We live in the Age of Petroleum.
Since 1859, when Edwin Drake drilled the nation’s first oil well near Titusville, Pennsylvania, petroleum, natural gas, and their derivatives have come to drive the engines of our economy.
If you’re reading this, you’re probably one of those drivers. Whether you’re involved with exploration, completion, transportation, storage, refining, or distribution, your activities echo throughout our economy—especially in the communities in which you work.
The Business of Regulation and Compliance
For years, those of us in the oil and gas industry were free to focus on our core businesses: exploration, product development, and distribution. That all changed when the “shadow industry” of regulation and compliance emerged. Today, the inevitability of an increasingly regulatory environment is a given. In fact, Vapor Point’s core business is built around helping you achieve regulatory compliance in the most efficient ways possible.
Regulators and the industries they regulate will always be negotiating mutually acceptable mitigation requirements. But in recent years, concerns about regulation and compliance have consumed more and more of our focus and resources. It would be understandable to view compliance requirements as a distraction to our core business. But we believe that there is a business case to be made for going beyond existing minimum air compliance standards—even for early deployment of vapor mitigation requirements that are on the regulatory horizon, but aren’t yet in place.
In other words, going beyond mere compliance
can be a sound business strategy.
A Broader View of Stakeholders
How? It might help to understand that, as important as shareholders’ traditional financial interests are, it’s a broader collection of stakeholders that determine the overall health of our businesses. Stakeholders include shareholders, employees, contractors, vendors, farmers and ranchers, local communities, customers… the list goes on and on. And it is this group of stakeholders that collectively drive the actions of the regulatory agencies. Accordingly, business decisions should seek to balance and coordinate all stakeholder interests. Shareholder concerns are not diminished, and certainly are not marginalized; instead they become one very important part of a larger synergistic puzzle.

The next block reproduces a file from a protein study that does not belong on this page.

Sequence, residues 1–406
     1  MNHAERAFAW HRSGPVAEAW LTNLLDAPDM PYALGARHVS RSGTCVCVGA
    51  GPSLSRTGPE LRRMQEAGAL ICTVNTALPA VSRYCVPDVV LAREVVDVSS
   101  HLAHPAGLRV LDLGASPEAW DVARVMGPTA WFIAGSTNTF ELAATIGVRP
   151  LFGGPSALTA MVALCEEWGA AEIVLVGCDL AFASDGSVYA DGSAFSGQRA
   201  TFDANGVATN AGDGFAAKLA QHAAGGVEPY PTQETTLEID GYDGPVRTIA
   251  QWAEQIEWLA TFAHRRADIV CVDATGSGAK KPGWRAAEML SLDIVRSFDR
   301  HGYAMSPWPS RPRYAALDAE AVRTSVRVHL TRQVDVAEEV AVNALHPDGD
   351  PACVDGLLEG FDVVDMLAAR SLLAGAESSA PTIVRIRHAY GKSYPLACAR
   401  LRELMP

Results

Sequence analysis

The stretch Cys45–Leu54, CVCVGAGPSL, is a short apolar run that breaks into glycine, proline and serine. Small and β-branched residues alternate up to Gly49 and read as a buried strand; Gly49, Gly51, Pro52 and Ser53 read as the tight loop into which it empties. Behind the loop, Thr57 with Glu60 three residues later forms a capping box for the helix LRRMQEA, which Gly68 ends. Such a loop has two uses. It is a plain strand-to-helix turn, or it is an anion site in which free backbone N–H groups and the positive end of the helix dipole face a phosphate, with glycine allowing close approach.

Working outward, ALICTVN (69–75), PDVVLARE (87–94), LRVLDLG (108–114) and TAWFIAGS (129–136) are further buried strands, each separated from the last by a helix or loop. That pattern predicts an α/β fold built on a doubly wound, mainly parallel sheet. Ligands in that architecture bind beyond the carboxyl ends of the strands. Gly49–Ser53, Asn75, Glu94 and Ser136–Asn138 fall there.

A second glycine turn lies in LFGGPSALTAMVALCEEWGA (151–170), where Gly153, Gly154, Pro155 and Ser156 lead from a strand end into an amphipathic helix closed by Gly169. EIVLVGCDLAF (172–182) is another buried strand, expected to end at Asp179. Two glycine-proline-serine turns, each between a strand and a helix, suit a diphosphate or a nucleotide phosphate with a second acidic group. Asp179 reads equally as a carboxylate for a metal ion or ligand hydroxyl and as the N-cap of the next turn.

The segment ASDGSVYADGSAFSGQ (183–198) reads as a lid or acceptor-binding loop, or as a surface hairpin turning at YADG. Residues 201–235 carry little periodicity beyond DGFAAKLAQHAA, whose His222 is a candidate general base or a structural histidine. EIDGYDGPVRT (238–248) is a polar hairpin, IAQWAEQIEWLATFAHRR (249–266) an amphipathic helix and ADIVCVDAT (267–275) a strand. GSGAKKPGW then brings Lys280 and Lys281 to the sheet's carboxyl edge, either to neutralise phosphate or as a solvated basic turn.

Accounting for Sustainability
Today, more and more forward-thinking companies recognize that a narrow, bottom-line approach to business can ultimately limit profitability and threaten long-term viability. Their business vision and market strategies align in such a way that traditional measures of success must be expanded. New economic metrics are developed that include an integrative approach to ROI, one that considers social and environmental outcomes alongside the P&L. New “triple bottom line” standards of accounting—which connect sustainability investments to employee “buy-in” and customer loyalty—permit analysis of the effects of business decisions on all stakeholders.
Some of the world’s best companies are taking just that approach. Consider this quote from Chevron’s 2010 corporate report:
Our success as a business is inextricably linked to the well-being of our employees and our communities. Across the company, we developed a corporate environmental stewardship process that provides a consistent, systematic, risk-based approach to managing all aspects of the environment, including air, water, biodiversity, and waste.
Even in purely monetary terms, many companies have discovered the benefits of pursuing sustainable practices. DuPont, for instance, estimates that it has saved nearly 3 billion dollars in a two-decade effort to reduce carbon emissions.
Beyond Compliance — Market Advantages
at Every Scale
The benefits of being proactive with air compliance apply to businesses of every size. Here are just a few of the concrete ways that going beyond compliance can pay immediate and long-term dividends.
Enhancing Safety and Mitigating Risk
You already have a deep company stake in safe operations. Safety efforts save countless man-hours in lost time, and countless dollars in the avoidance of punitive financial settlements that come with accidents. Initiatives to minimize hazardous vapors are simply extensions of your acknowledged responsibility for safeguarding your employees, your communities, and the environment.
The fact that hazardous vapors disperse in the atmosphere might make their effects on human health and the environment difficult to measure. But it is that very dispersion that presents a problem; when it “smells like money,” it also smells like risk. Health issues related to vapor releases could become actionable decades into the future.
Going beyond compliance enhances safety today and minimizes risk tomorrow— ensuring your company’s long-term sustainability.